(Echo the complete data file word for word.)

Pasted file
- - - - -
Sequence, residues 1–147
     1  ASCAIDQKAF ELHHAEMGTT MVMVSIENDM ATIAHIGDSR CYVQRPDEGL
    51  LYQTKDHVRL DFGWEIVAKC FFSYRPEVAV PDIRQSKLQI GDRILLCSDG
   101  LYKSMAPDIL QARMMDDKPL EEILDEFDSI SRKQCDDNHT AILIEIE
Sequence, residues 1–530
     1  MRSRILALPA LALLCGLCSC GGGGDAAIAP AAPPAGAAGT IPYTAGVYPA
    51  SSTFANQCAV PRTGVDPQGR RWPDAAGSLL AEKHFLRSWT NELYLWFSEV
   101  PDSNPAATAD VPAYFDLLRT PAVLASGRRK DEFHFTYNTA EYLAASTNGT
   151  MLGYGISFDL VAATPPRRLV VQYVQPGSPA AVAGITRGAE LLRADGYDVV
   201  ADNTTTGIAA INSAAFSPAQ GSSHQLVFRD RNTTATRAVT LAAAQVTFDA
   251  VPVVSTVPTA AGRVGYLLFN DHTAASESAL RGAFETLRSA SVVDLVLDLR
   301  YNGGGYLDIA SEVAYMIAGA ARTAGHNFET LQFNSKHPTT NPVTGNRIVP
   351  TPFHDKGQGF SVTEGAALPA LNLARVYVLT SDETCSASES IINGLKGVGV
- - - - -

Sequence, residues 1–147
     1  ASCAIDQKAF ELHHAEMGTT MVMVSIENDM ATIAHIGDSR CYVQRPDEGL
    51  LYQTKDHVRL DFGWEIVAKC FFSYRPEVAV PDIRQSKLQI GDRILLCSDG
   101  LYKSMAPDIL QARMMDDKPL EEILDEFDSI SRKQCDDNHT AILIEIE
Sequence, residues 1–530
     1  MRSRILALPA LALLCGLCSC GGGGDAAIAP AAPPAGAAGT IPYTAGVYPA
    51  SSTFANQCAV PRTGVDPQGR RWPDAAGSLL AEKHFLRSWT NELYLWFSEV
   101  PDSNPAATAD VPAYFDLLRT PAVLASGRRK DEFHFTYNTA EYLAASTNGT
   151  MLGYGISFDL VAATPPRRLV VQYVQPGSPA AVAGITRGAE LLRADGYDVV
   201  ADNTTTGIAA INSAAFSPAQ GSSHQLVFRD RNTTATRAVT LAAAQVTFDA
   251  VPVVSTVPTA AGRVGYLLFN DHTAASESAL RGAFETLRSA SVVDLVLDLR
   301  YNGGGYLDIA SEVAYMIAGA ARTAGHNFET LQFNSKHPTT NPVTGNRIVP
   351  TPFHDKGQGF SVTEGAALPA LNLARVYVLT SDETCSASES IINGLKGVGV